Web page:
Rolf Bockmühl, Philippines, has a number of ideas:

"Cuts should affect all groups! But 1900 euros a month per couple should be allowed for pensioners and the long-term unemployed. 1200 euros for singles, and for families an upward sliding scale based on the number of children. Those who caused the crisis should be the first to pay. Then, reduce subsidies across the board, including for aviation fuel and farmers. The countless bureaucrats should give something up, especially in pensions. Capital gains should be taxed. Transit vehicles must all buy a sticker, and trucks should pay tolls on all roads, because they damage them. Finally, all federal and state parliamentarians should accept pay cuts. And the states should be redrawn. It is high time to get rid of the countless "principalities". The tax system must be simplified and made efficient, to ensure that the countless tax cheats and off-the-books workers finally pay their share. And finally, the cities and states must stop their wasteful spending. The Federal Audit Office should be strengthened. These things would bring in the needed money without much pain."

Bernd Kühne, also writing from Thailand, has a simple solution:

"Why don’t the government and parliament set a good example and do without 5-10 percent of their pay for the next 4 years? That wouldn’t hurt them, and the money saved would cover child allowances."

Gerhard Seeger, writing from the Philippines, is critical of the government:

"Unsurprisingly, the conservative-FDP coalition's savings plan places the biggest burden on those who have the least. They want to do this without raising taxes, a point especially to the taste of the free market FDP. Kurt Lauk (CDU) is right in his report that the FDP hasn’t arrived in reality. The only surprise is that the FDP isn’t touting its wonder weapon, tax cuts. Tax increases are absolutely necessary. But they have to stop burdening the little guy, who can hardly give any more. The rich should pay (and patriotism ought to make them willing to do so). There are super-rich people with many millions; a few million less won’t make them go hungry. That also goes for the big banks that earn lots of money by lending to the state at high interest rates. They have probably already covered their expenses with the interest. (…) It’s time to place a greater burden on the rich; even the FDP ought to recognize this, if it hasn’t completely lost touch with reality."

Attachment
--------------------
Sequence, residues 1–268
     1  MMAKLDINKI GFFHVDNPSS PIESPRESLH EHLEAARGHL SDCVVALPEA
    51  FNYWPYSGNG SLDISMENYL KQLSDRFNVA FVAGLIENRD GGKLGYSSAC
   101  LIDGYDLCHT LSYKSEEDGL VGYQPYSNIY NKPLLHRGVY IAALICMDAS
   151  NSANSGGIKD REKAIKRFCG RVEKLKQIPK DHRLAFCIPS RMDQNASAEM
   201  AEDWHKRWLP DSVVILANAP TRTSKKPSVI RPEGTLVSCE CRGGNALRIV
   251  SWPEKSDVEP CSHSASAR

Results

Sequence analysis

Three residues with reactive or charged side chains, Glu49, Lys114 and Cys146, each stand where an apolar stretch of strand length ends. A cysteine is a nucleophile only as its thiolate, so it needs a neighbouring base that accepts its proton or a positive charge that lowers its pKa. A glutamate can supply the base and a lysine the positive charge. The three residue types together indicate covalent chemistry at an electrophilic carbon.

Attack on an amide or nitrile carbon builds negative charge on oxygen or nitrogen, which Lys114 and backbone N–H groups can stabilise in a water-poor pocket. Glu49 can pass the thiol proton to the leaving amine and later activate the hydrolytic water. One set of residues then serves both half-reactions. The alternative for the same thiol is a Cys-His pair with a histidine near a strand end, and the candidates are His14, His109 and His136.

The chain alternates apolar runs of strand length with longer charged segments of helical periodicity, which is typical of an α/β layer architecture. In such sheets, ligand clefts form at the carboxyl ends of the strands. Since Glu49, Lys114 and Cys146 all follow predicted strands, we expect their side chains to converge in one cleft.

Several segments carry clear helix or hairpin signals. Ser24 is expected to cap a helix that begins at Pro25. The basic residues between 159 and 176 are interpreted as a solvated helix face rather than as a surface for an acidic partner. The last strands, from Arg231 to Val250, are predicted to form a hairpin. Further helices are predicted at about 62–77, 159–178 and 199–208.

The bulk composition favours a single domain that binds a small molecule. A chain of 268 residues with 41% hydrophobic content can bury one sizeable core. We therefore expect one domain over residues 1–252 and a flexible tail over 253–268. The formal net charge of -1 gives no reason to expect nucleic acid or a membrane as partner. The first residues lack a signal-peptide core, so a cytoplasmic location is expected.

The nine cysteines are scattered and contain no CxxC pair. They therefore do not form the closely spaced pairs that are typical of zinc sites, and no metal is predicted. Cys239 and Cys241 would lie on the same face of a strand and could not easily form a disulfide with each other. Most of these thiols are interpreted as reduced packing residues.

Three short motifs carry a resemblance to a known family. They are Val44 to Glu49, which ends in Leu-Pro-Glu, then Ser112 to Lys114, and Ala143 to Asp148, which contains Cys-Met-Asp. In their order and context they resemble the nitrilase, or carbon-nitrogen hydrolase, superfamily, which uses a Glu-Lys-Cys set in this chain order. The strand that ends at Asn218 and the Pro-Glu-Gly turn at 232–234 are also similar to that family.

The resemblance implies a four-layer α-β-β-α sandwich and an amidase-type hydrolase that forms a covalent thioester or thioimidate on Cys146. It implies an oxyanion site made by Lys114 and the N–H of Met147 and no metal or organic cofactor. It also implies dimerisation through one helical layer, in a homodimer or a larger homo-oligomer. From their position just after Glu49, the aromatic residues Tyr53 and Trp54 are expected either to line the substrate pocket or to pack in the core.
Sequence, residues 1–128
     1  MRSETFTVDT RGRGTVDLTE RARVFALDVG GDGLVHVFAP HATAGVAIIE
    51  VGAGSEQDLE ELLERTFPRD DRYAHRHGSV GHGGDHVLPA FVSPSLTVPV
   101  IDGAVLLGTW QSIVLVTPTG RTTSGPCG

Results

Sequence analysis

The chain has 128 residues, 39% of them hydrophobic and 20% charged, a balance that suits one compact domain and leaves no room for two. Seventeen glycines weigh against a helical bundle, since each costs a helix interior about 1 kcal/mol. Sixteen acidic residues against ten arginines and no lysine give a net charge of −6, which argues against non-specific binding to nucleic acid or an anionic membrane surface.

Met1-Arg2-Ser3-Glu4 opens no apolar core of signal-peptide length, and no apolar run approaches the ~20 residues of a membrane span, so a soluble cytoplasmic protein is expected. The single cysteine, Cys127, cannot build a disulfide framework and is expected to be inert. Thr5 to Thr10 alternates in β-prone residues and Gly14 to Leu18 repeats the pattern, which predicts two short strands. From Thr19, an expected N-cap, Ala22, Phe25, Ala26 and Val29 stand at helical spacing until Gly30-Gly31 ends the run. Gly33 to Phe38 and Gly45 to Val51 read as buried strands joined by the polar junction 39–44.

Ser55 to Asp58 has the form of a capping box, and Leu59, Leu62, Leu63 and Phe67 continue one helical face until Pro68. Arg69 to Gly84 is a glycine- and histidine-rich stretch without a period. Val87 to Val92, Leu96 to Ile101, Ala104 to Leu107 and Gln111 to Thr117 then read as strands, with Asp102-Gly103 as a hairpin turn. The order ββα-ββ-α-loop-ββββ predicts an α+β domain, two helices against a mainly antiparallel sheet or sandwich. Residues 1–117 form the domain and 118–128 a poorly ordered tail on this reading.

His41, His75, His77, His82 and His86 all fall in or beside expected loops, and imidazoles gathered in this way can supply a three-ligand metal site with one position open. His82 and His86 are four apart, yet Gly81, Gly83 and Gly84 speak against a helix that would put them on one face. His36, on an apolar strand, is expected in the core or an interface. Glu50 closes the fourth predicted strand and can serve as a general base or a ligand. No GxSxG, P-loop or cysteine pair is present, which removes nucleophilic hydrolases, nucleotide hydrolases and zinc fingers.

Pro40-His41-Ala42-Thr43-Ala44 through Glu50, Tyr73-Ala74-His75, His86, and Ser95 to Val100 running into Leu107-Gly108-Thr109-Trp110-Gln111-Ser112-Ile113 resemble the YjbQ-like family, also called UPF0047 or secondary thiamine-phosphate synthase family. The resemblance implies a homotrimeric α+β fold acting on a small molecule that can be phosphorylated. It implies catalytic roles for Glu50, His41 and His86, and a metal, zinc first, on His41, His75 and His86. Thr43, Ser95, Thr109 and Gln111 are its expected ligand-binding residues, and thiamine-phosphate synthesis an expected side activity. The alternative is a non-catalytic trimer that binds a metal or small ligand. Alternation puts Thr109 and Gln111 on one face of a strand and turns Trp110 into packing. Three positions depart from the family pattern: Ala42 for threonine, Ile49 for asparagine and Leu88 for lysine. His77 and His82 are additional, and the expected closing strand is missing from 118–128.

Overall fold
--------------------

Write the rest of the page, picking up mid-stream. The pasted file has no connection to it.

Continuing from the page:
Uwe Börner from Germany wants more accountability:

"The Taxpayers Association says 30 billion euros are wasted every year. There should be more accountability for government workers and politicians. How can politicians allow people to come to Germany who never find a job? They remain welfare recipients, which is irresponsible and costs billions. In regard to health: every year I’m sent a catalog offering health vacations at the expense of the health insurance company; that costs millions. And politicians’ salaries are too high, especially those of EU politicians (…)."

Hoe Nguyenvan, from Vietnam, writes:

"Thrift is part of the German mentality. When I lived in the former East Germany, I became familiar with German thrift. The government’s savings program is a model, not only for Europe, but also for countries like ours. Thrift affects all people in all strata, but savings shouldn’t come from the unemployed and pensioners or from child allowances. The first to pay should be those who caused the crisis. Speculators should be heavily taxed (…)"

Martin Burmeister, writing from Venezuela, thinks subsidies need cutting:

"Every year, government outlays grow faster than revenues. That’s why studies should be made to see where in the last ten years higher outlays have really been worthwhile and where cuts can be made. Subsidies have definitely gotten out of hand and should be cut drastically."